Expansion of RIMPAC Exercises to include Indian and Chinese Navies: An Assessment

By MA Athul*

In June 2013 Chinese State Councilor Yang Jiechi announced that China will attend the Rim of the Pacific Exercises in June 2014.Yang made the announcement after the summit between US President Obama and Chinese president Xi Jingping[1]. According to the recent press release from the White House, India too would be participating in the 2014 exercises along with countries such as China and Japan[2]. The decision to include India as well as China in the largest naval exercise may well be an important step in the strategic relation between emerging powers and the US.

What is RIMPAC?

RIMPAC is a joint naval exercise conducted in the Pacific Ocean by the US Pacific command in the Hawaii islands. The exercise was first held in 1971, and has been conducted once in every two years. The navies of various nations such as UK, USA, Australia, Thailand, Chile, Canada, New Zealand Indonesia, Japan, Malaysia, Netherlands, Peru, Singapore, South Korea, Thailand and  France have been participating in the biennial exercises. The Initial purpose of the exercise was to challenge the Russian presence in the pacific area. With the end of cold war nature of threats has also undergone transformation. The purpose of the exercise has diversified to anti-terrorism, anti-piracy and disaster relief.  Main aim of the month long multi-lateral exercise in the current era has been to develop and enhance the interoperability of various navies, so that they can work together to promote stability and security in the region. Accordingly navies have been striving to work together in order to secure the maritime domain and enforce the maritime laws and to secure sea from piracy and terrorism.

The 2014 RIMPAC will likely be attended by 22 countries with 40 ships, submarines and more than 200 aircraft. According to Carl Baker, Director at the pacific forum centre for strategic studies “RIMPAC which started as a confrontational containment sort of exercise, aimed at the deterrence of Soviet Navy from the Asia-Pacific region has evolved into various other scenarios such as disaster relief and anti-piracy operations RIMPAC is also a sort of vision of the US Navy on US perception of naval warfare in the modern day”[3].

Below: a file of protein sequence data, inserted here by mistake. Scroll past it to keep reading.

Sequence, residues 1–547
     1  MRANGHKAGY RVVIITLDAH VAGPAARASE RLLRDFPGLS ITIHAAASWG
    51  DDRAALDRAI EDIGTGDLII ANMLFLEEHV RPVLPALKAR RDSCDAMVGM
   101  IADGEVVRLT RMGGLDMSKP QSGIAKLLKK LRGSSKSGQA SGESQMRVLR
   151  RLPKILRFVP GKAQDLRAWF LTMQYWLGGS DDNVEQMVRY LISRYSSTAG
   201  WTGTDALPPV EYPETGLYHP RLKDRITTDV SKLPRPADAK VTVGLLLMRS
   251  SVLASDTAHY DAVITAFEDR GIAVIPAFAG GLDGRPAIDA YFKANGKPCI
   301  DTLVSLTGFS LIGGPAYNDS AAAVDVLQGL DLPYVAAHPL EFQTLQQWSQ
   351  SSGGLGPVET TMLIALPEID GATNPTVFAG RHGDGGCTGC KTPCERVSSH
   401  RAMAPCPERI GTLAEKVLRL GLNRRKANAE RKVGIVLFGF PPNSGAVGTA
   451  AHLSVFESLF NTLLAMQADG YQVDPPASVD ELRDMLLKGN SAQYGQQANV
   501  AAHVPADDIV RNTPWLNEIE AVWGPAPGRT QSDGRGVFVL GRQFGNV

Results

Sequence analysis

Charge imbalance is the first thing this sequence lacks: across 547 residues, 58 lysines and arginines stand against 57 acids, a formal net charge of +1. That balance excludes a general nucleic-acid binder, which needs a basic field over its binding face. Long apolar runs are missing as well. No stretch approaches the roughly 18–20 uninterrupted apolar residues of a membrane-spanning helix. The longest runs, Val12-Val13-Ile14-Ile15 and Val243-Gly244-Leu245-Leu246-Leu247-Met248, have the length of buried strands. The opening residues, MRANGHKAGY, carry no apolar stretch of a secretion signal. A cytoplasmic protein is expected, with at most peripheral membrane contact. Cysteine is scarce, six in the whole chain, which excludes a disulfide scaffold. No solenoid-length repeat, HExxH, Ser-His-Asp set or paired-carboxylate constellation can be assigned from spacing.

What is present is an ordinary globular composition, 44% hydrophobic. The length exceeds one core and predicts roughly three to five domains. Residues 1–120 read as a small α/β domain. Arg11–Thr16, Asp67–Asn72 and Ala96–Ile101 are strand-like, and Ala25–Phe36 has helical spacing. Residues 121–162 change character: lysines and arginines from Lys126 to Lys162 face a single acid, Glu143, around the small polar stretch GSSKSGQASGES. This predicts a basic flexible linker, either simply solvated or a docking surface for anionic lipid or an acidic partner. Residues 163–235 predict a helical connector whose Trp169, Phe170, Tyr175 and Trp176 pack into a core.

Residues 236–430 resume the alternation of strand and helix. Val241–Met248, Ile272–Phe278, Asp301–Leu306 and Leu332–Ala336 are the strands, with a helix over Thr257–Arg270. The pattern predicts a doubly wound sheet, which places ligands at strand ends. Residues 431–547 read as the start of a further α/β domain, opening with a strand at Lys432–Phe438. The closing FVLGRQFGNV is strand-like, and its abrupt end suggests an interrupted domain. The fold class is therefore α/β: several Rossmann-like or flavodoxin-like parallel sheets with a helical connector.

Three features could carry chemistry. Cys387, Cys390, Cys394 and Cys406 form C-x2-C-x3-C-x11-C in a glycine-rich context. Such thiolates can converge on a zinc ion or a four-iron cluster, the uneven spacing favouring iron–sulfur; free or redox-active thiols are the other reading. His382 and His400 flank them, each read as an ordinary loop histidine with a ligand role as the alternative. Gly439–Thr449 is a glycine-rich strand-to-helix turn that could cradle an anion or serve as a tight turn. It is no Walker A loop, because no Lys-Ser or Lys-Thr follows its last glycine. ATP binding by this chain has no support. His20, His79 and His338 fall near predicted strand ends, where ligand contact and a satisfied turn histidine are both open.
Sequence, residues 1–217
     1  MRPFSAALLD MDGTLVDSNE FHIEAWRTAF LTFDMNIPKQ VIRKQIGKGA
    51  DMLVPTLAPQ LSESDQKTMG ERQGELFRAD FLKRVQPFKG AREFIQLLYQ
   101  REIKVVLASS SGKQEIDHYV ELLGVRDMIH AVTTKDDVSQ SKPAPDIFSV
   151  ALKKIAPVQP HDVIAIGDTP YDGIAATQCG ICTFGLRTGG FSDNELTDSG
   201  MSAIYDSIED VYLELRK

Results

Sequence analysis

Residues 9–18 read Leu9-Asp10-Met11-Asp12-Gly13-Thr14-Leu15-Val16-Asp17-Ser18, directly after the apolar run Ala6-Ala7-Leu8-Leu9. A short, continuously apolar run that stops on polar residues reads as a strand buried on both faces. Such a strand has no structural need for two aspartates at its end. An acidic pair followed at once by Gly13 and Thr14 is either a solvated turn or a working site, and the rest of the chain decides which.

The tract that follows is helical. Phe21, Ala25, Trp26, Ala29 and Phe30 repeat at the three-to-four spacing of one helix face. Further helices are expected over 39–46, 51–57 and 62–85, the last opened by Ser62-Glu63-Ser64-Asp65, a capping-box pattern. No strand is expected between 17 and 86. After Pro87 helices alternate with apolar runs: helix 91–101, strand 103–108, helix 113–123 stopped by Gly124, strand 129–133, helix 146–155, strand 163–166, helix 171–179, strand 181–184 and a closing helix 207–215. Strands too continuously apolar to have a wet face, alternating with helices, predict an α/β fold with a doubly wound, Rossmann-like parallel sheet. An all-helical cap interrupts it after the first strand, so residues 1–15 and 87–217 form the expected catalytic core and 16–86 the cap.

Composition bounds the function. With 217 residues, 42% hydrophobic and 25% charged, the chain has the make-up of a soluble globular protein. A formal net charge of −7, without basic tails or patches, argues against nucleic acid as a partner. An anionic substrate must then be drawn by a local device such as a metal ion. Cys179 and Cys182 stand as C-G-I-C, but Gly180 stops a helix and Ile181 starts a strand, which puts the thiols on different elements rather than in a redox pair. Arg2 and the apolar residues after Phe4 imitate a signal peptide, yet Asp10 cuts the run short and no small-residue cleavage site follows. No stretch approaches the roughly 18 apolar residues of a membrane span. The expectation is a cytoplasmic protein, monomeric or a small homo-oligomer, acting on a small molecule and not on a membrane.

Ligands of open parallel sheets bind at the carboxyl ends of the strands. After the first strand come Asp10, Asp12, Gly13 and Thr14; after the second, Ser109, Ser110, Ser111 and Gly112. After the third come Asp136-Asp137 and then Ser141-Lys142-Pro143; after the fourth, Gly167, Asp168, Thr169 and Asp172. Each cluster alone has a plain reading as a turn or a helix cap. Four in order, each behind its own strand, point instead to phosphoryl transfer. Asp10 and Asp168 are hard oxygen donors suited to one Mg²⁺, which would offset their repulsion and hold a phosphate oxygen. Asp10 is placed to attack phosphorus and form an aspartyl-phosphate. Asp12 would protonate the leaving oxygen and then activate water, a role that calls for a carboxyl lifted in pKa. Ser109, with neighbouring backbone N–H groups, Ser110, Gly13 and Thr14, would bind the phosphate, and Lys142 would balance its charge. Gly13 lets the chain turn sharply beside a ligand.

RIMPAC and the Indian and Chinese Navies

India had participated in the 2012 RIMPAC as an observer, but did not send any warships. The decision to reportedly participate in RIMPAC-2014 may be constructed as a major shift in policy by India, which, otherwise has kept away from actively participating in such multi-lateral exercises.  India since its independence till the 1990s concentrated on the nation building process and to establishing a strong economy. It was in the 1990s that the country started enhancing its maritime capabilities in the right earnest. India is in the process of acquiring an aircraft carrier INS Vikramaditya from Russia, as a replacement of existing aircraft carrier INS Viraat and is building an indigenous aircraft carrier INS Vikrant. India plans to have two aircraft carrier groups by the end of decade. The Chinese decision to join the RIMPAC may also have spurred New Delhi’s decision to join the US hosted multi-lateral exercise.

China too has a similar story. After securing the home front and establishing a strong economy, China has started to spread its influence beyond its immediate neighbourhood. China has been rapidly modernising its naval fleet and has operationalized aircraft carrier Liaoning which it acquired in decommissioned state from Ukraine. Both India as well as China have started ambitious naval modernisation program rapidly, trying to acquire comprehensive blue water capability. The invite for RIMPAC is the recognition by Washington that India and China are in the process of maturing as maritime powers, and have the potential to contribute to the international maritime order.

With modernised blue water navies both India and China would be able to bolster their efforts in naval diplomacy and in turn, bilateral relations with nations beyond their immediate neighbourhood. India and China have a lot to gain from participating in the RIMPAC exercises. One of the main advantages of taking part in the exercise is the chance to operate alongside other navies and get an exposure to the advanced technologies and naval practices. The multi-lateral exercise is also a platform for the navies to showcase their capabilities and to ascertain the capabilities of others in turn. This is particularly vital in case of India and China who may want to assess realistic capabilities of each other’s navies. For countries such as Japan, Malaysia and Philippines this may be an opportunity to study Chinese Navy, since they too have deep interest in Chinese affairs. The US may be hoping that the PLA Navy and Indian Navy would field the latest hardware which they have acquired from Russia so that they can carry out signature profiling and collect signal and electronic intelligence.

Washington and New Delhi can use the platform of RIMPAC to further strengthen the strategic relations. Although India and United States has been involved in MALABAR series of exercises, If India participates in RIMPAC it will be the largest multilateral exercise which it would participate till date. India needs to make use of all available opportunities to broaden the strategic ties with the US. Since nations have used naval diplomacy to strengthen the bilateral relations, the navy to navy interactions may well help in the strengthening of diplomatic relations too. The 2014 RIMPAC will have an added significance since China and India are participating in the exercises for the first time in an active manner, after the US declaration of “pivot to Asia”.